“And call upon me in the day of trouble: I will deliver thee, and thou shalt glorify me” (Psalm 50:15).
“Shut up. We don't want to hear your Jesus' talk,” my relatives said. How could I keep quiet about my Saviour. Instead, I opened my Navajo Bible again and pled with my loved ones.
My people and I grew up in China Springs, a few miles from Gallup, New Mexico. The Navajo tribe gave me cinder blocks to build my one-room home.
Mark, my brother, squatted in his mini-shack. He mumbled in poor Navajo. He understood my hand signals.
A few yards away lay tar-paper shacks where my relatives lived and drank strong drink. I told them of my Saviour. “He can take away the desire for liquor.”
When I came to their places, I played my accordion and sang. Then once an audience gathered, I spoke of her Saviour. Though Navajos do not shed tears, inward tears tore at my heartstrings.
My relatives stalked to the medicine man. “Put a curse on Alma,” they said. “She troubles us with her talk about Jesus.”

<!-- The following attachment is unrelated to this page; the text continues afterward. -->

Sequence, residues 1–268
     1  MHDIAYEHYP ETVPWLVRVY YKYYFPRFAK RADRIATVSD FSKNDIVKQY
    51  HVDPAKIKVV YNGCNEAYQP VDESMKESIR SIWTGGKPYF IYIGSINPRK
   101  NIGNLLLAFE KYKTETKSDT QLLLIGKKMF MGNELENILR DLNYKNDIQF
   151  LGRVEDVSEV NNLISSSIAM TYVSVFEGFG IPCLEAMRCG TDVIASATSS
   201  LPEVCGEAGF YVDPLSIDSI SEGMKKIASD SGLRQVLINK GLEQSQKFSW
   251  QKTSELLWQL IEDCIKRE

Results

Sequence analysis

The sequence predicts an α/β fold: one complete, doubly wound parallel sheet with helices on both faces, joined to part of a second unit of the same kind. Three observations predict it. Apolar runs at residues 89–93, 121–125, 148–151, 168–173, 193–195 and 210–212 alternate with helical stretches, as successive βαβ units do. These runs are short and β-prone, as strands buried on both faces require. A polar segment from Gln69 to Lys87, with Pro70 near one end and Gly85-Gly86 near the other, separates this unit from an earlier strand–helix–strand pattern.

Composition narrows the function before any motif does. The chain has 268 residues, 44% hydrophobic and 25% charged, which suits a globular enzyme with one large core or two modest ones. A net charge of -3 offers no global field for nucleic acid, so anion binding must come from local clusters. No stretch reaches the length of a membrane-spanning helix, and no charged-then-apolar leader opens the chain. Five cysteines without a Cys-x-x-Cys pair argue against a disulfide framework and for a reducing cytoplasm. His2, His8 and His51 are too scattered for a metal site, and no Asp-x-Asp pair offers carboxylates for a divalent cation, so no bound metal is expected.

"My people hate me because I tell them about Jesus,” I said to Leon and Lynn, the missionaries. “The medicine man put a curse on me.” I held up my skirt. “See this feather! The medicine man cut this hole in my skirt. It shows I'm under a curse. I'm not afraid of his bad medicine. Jesus is greater than evil spirits.”
“God can take care of me. He says, ‘But whoso hearkeneth unto me shall dwell safely, and shall be quiet from fear of evil’” (Proverbs 1:33).
“I am not sick. God helped me. I am still alive.”
We do not all face curses as Alma did, but we all face troubles. How do we react in the midst of our trials?
Prayer: Lord, help us whether we face curses as Alma, or other trials. Thou hast promised to deliver us.
This article is by Alma Murphy as told to Lynn Wallace, a missionary’s wife to the Navajo Indian. Alma showed great concern for her unsaved relatives. She taught herself to read the Navajo Bible and play the accordian.